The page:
15 August 2020
GOING STUN: The snacks and tidbits of yesteryear

In the past few weeks, we’ve brought you on a journey of yesteryear – reliving the lau kwee things you did as a teen in the 90s, and lepak places that are since gone but will never be forgotten.

For this fourth (and last) article in our ‘Going Stun’ series, this stop on the trip down memory lane will revive your childhood days with these old school snacks you probably used to enjoy!

Don’t see your favourite childhood snacks here? Share with us on Facebook what biscuit or keropok you used to love as a kid!

White Rabbit Candy

Image credit: South China Morning Post

As the quintessential Chinese New Year candy, the thing I’d look forward to most when out visiting is seeing a massive bowl of the White Rabbit sweet sitting on my relatives’ coffee tables.

The OG version of nougat for us Singaporean kids, the soft chewy texture and milky taste was an instant hit. Ignoring the copious amount of sugar that’s in it, White Rabbit is even somewhat nutritious with its milk content.

Of course, there’s no better experience than popping the sweet into your mouth and feeling the rice paper layer dissolve. Perhaps, though, it might be the incredulous look a younger cousin would give you – “the paper can eat one?”

Marukawa Bubble Gum

Image credit: A.L.L SHOW | YouTube

Ah, bubble gum – the forbidden fruit of all Singaporean kids. These chewy and fruity coloured balls were the cure to restlessness, and some would even swear that they needed to pop one (or three) in their mouths to do any form of studying.

However, thanks to a select few who began sticking gum on MRT trains, then-Prime Minister Goh Chok Tong enacted a ban on chewing gum from January 1992. Since then, the cure for restless jaws was only obtainable across the border.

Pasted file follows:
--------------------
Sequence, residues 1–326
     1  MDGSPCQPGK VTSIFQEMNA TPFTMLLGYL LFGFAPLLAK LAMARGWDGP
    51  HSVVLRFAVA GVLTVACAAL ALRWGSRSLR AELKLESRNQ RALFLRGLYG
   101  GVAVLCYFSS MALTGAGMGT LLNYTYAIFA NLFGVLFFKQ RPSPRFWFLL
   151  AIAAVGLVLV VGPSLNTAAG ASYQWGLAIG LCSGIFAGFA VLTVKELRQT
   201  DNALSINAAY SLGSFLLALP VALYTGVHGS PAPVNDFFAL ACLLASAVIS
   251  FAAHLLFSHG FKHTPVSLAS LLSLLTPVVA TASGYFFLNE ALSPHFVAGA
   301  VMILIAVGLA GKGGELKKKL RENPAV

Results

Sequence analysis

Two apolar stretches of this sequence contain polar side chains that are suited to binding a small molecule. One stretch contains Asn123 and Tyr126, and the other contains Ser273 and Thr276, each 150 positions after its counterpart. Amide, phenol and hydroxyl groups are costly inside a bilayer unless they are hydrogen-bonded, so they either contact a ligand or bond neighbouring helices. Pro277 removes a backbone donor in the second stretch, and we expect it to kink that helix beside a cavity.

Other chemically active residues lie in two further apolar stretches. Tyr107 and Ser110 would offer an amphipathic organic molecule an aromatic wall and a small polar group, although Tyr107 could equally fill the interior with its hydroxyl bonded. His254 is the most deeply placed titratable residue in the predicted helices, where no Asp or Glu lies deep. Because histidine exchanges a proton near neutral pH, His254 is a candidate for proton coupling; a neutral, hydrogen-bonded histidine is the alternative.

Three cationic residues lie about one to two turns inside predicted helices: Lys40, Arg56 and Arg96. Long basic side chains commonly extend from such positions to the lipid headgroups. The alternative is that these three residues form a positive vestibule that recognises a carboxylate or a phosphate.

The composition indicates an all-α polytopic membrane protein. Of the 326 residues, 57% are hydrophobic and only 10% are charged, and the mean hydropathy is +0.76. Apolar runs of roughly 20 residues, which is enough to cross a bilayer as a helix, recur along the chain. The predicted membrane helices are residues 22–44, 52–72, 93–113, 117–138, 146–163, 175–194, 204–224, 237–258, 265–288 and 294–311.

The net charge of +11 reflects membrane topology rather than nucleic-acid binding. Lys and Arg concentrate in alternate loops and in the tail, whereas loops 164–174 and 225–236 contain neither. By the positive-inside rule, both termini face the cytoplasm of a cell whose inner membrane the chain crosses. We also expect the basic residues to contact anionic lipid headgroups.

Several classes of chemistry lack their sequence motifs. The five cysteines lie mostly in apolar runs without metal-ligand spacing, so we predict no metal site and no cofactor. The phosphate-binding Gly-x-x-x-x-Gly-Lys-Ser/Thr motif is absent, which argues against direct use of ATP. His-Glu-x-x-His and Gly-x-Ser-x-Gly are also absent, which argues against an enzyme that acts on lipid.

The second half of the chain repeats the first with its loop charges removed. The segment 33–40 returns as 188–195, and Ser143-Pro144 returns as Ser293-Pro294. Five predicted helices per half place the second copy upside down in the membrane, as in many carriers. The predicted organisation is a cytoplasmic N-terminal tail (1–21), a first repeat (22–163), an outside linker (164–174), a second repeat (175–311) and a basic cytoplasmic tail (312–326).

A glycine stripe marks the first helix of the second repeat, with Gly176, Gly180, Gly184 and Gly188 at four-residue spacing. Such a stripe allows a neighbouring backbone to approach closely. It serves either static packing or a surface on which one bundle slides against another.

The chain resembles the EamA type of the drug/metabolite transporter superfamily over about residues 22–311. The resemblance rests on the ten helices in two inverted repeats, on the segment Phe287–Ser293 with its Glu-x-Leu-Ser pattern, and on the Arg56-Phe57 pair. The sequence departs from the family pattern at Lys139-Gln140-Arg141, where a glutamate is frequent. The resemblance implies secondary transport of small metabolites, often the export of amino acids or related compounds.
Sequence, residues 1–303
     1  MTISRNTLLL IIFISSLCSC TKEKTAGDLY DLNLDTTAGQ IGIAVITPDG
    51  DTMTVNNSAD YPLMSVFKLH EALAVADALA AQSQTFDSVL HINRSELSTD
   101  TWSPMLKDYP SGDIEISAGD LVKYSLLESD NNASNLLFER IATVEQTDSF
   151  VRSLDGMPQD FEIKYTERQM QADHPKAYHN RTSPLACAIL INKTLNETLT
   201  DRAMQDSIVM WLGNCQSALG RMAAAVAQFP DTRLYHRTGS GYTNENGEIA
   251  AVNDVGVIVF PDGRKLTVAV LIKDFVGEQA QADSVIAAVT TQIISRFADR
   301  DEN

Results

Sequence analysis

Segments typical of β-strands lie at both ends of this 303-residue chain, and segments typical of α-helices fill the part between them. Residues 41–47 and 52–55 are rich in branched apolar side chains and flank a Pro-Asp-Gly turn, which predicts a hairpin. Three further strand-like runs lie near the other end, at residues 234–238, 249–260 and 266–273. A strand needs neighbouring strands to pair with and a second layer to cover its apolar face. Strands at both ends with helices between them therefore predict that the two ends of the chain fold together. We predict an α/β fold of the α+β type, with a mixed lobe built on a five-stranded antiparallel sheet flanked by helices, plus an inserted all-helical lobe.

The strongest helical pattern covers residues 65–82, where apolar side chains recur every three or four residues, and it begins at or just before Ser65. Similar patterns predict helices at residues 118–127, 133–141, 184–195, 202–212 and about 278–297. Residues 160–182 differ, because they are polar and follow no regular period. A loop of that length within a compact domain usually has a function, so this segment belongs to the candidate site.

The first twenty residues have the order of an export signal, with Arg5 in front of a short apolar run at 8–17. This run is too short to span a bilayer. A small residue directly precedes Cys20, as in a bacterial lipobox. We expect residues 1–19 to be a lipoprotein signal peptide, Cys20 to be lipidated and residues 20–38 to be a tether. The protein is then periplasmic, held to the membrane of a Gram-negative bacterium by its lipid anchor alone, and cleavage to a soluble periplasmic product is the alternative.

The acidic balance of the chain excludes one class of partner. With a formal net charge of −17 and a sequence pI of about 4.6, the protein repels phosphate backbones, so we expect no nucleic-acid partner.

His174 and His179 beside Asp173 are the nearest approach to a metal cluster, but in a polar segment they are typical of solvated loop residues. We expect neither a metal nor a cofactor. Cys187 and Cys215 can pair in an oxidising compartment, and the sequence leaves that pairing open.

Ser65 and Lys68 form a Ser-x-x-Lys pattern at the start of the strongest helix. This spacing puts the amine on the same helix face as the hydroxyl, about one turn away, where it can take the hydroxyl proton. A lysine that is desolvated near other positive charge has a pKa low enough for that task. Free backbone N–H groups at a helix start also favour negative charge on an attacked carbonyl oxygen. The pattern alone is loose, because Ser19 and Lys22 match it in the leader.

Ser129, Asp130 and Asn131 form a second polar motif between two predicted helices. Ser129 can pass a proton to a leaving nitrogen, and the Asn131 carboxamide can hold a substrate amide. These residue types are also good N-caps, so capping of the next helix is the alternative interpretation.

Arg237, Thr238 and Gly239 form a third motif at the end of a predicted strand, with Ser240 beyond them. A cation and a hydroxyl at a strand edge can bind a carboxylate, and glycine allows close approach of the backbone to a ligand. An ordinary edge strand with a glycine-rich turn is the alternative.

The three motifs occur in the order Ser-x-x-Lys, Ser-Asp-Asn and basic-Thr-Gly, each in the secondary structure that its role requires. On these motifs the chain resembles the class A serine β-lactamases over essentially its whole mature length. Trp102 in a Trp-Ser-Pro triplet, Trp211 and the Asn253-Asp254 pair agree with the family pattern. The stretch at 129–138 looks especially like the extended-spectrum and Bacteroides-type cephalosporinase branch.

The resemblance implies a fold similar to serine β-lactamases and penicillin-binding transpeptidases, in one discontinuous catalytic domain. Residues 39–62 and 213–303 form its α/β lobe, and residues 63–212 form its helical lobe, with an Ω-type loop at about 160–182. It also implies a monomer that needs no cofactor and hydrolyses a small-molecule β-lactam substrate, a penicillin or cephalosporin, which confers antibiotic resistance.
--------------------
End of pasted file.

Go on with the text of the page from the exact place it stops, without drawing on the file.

In the years following the ban, all of our Johor Bahru day trips had a common objective; to get through as many packs of bubble gum while on Malaysian soil.

Flower Brand Haw Flakes

Image credit: Amazon

My first memory of haw flakes was getting them in a party bag in Kindergarten 1. Four-year-old me, being ignorant of how to open the packaging, ended up letting half the cylinder go on the floor.

The major disappointment soon reversed as I put the first slice of shan zha pian (山楂片) in my mouth. I immediately fell in love with the thin discs of hawthorn, and their sweet and sour taste profile. As a bonus, they’re made from a fruit… so it counts as a healthy snack, right?

Pop Pop Corn Snack

Image credit: Al Munayes General Trading

Not to be confused with the little gunpowder-filled bundles that hit the floor with a loud bang, Pop Pop corn snacks are an addictive, tubular-shaped corn puff. Most commonly available was the savoury chicken flavour, while sweet corn or chili flavours were also available if you so desired.

A primary school canteen staple, it was great for annoying your friends. Just unsheath it from the packaging, and blow the crumbs out at them!

Iced Gem Biscuits

Iced gems are the most recognisable traditional snack, and for good reason. As we know them, as a little button biscuit with colourful icing on top, they’ve been around since 1910! The ones found in Singapore are typically sold by Khong Guan Biscuit, with neon-coloured icing in pink, green and yellow.